Molly Huddle will be among U.S. distance-running elites at the 2018 Boston Marathon, but her record against her fellow Americans could suggest that she’s the heavy favorite.
What do you do when you’re seeking a bit more excitement? If you’re Molly Huddle, you step away from the track and dive head first into training for the Boston Marathon.
The two-time Olympian is no stranger to the competition at 26.2-mile distance—Huddle made her long-awaited marathon debut at the New York City Marathon in 2016, running 2:28:13 for third place just 12 weeks after setting an American record in the 10,000 meters at the 2016 Olympics in Rio de Janeiro. But once she committed to training for Boston, she watched her fellow American marathoners continue to trend upward against the East Africans that have dominated the distance for so long.
In October, 26-year-old Jordan Hasay ran 2:20:57 for third place at the Chicago Marathon—just one minute and 21 seconds off the American record. In November, Shalane Flanagan—one of the most accomplished U.S. distance runners whose records Huddle has continuously broken on the track—ended a four-decade drought for American women in the New York City Marathon with a 2:26:53 first-place finish. Add in Desiree Linden—and defending Boston champion Edna Kiplagat of Kenya—to the mix with Hasay and Flanagan, and the 2018 Boston Marathon is shaping up to be a battle of elites.
“We’re all going to raise our game,” Huddle says. “We don’t just want to be the top American on the day, [we want] to win. And it’s a tall order given that the international field is not weak. It gets my blood pumping when I see the names.”
If you applied the transitive property to the marathon distance, Huddle’s record against her fellow American distance runners on the road would indicate that she’s the heavy favorite to be the top U.S. woman and possibly the winner in Monday’s race. Huddle has not lost to an American woman on the roads since 2012 and is putting her 30-race streak on the line. Then again, no American woman has won since Lisa Larsen Weidenbach in 1985 and all the elites know it, but each approaches the race believing it’s their time. That’s been the case for the last handful of years, but the odds appear better than ever in 2018.
The learning curve is still a little steep for Huddle. She only has one career marathon on her resume but she is not going into Boston questioning whether she’s a marathoner. She is looking to figure out the right formula to win and it’s one that’s worked for most of her career.
Huddle’s first sport and favorite at a young age was basketball. Her father, Robert, was a 400 and 800 meter specialist at the University of Notre Dame in the 1960s, and when she was in sixth grade, he took her to a picnic in South Bend, Ind., where she met women’s basketball head coach Muffet McGraw and told her that she wanted to play basketball for the Fighting Irish.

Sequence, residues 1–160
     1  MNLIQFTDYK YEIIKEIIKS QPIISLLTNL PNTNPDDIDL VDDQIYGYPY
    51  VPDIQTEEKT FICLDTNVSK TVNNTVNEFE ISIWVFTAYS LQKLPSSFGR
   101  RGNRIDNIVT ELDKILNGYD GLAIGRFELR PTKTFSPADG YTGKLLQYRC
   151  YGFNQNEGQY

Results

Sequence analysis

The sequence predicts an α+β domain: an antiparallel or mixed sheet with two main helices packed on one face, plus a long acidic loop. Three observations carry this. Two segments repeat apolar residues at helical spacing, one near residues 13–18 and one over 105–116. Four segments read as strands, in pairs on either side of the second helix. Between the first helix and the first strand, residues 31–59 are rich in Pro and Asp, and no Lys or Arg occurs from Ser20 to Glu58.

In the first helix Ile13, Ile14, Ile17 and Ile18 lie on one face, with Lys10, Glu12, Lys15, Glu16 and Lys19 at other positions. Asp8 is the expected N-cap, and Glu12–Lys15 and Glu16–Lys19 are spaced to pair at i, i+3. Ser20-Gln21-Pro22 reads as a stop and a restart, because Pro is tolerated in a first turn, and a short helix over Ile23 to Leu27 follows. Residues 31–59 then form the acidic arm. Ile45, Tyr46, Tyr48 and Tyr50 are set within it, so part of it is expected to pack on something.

It was her father who also got her into running a year later. One of the first races that Huddle remembers was a road 5K at the Elmira-Thon in her home town of Elmira, New York, where she was trying to race him—just an early sign of her competitiveness. It carried over into high school, where she stood out for Notre Dame High School in Elmira.
“I barely made the varsity team in the other sports,” Huddle said. “Running brought me recruiting offers from other places. I honestly had no idea what schools were good. It was the early 2000s and I barely knew how to use the internet. I didn’t do too much research.”
Her current coach Ray Treacy sent her a letter from Providence College, but she hadn’t heard much about the school and it became an afterthought on Huddle’s shortlist of colleges that included cross country powerhouses such as Stanford, Villanova, Georgetown and Duke. Ultimately, she picked Notre Dame to continue her family legacy.
“It was actually a bit scary when I agreed to go there because I was really excited about attending Notre Dame as a student and fan,” Huddle says. “At the same time, I was like ‘OK. I’m going to try and raise the level of this program by myself. What if I don’t make it to Nationals for cross country?’ I would’ve been very upset. There was some trepidation.”
“I remember being afraid that I wouldn’t make the top seven on Notre Dame’s team,” Huddle adds. “I never looked up results and so I just assumed that everyone was better than me.”
The Fighting Irish ended up faring well. Huddle led the team to its first-ever Big East cross country title and then a third place finish at the 2002 NCAA Championship, the highest finish in the school’s history. Huddle was sixth overall and earned her first All-American honors. By the end of her sophomore year, Huddle was the most decorated runner in program history and competed at the 2004 U.S. Olympic Trials in Sacramento, Calif., where she finished as the top non-professional athlete and seventh overall.